“The husband of one of my wife’s good friends is a fly-in/out (Vancouver Island) contractor in the oil patch and has made well over $200k/annum the last few years. This week he was told once his current project is done (a couple of more weeks to go) he won’t have any work until at least June. And that depends on oil prices. He claims 10, 000 people have lost their jobs in Fort Crack over the last week. I have no idea how reliable that number is though.

“This couple are just like all the others, living high on the hog with a big property, toys out the ying-yang and hardly any savings. Now the wife has started looking for work to help pay the bills. Sheesh.”

Or this, from yesterday:

“Neighbours’ son just back from Ft Mac today, fairly high up crane operator, told me that 1000 guys got laid off yesterday, no warning at all, said lots of layoffs happening but no one reports it in the media. Its not just the big names letting people go everyone is battening down the hatches.”

Yes, these are just anonymous words on a blog. They’re anecdotal. None of this is finding its way into the mainstream media, or getting to downtown Vancouver or Toronto, where the big lenders are quickly trying to Hoover up all of the virginal business possible, before it does. But it’s a fair bet the poodles at the Bank of Canada knew this well when they decided to pull the rate lever, once again distributing opiate to the addicted masses.

Meanwhile, CanOils has issued a report nobody in Alberta will want to read:

Less than 20% of leading Canadian oil and gas companies with oil-weighted production will be able to sustain their business long-term at US$50 a barrel. The longer that benchmark prices stay this low, the quicker and deeper the decline in expenditures on exploration and new development – and consequently on Canadian oil production – will be. Externally-sourced finance for development could also be limited; the inevitable writedowns of assets that will accompany the falling oil price could harm companies’ ability to borrow based on their reserves going forward and low share prices may discourage companies from securing finance by issuing equity.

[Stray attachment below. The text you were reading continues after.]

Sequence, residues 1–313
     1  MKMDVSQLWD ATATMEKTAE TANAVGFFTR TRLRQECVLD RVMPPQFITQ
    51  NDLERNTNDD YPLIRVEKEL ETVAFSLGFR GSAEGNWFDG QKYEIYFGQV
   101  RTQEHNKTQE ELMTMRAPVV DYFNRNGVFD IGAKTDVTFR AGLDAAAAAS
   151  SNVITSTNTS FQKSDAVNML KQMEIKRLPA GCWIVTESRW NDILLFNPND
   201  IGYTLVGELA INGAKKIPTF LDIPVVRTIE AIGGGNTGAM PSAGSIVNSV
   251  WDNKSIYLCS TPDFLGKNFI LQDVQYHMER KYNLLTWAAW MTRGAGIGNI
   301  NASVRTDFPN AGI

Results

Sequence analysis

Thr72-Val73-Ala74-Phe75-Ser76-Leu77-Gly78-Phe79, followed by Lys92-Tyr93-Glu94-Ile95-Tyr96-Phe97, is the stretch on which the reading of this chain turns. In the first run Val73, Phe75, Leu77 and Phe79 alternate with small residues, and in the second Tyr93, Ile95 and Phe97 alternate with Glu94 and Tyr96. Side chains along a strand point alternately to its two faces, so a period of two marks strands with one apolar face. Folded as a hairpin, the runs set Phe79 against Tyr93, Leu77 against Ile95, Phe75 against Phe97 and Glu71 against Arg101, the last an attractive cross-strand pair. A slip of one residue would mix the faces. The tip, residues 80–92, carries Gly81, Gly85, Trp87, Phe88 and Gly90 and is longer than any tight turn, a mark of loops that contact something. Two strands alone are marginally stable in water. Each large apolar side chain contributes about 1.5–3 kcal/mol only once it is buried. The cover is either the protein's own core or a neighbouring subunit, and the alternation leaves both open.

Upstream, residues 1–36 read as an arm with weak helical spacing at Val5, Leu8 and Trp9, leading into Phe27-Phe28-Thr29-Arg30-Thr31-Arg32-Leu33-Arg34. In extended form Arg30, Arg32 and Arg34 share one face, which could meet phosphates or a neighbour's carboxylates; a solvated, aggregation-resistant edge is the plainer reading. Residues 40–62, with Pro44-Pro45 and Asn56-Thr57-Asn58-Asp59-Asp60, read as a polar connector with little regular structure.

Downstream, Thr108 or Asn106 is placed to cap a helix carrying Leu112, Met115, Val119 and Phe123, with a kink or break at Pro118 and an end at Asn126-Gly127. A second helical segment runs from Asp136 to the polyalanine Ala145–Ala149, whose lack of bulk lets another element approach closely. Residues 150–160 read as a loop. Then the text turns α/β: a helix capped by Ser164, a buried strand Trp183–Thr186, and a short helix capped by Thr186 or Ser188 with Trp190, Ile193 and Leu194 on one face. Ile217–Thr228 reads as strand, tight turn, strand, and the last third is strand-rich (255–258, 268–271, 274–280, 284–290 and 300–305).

Well, on Wednesday listings in Calgary were up 84% and sales lower by 34%. It’s a train wreck. As I told you yesterday, TD Bank says housing will decline this year in eight of 10 provinces. And are we now seeing cracks in Toronto?

As I told you days ago, sales in the GTA have turned negative on a year/year basis. The price of the average detached house in 416 is lower than it was one year ago. Factor in land transfer tax to buy plus commission to sell, and it’s an asset that’s lost 12% of its value in a year. Are condos next?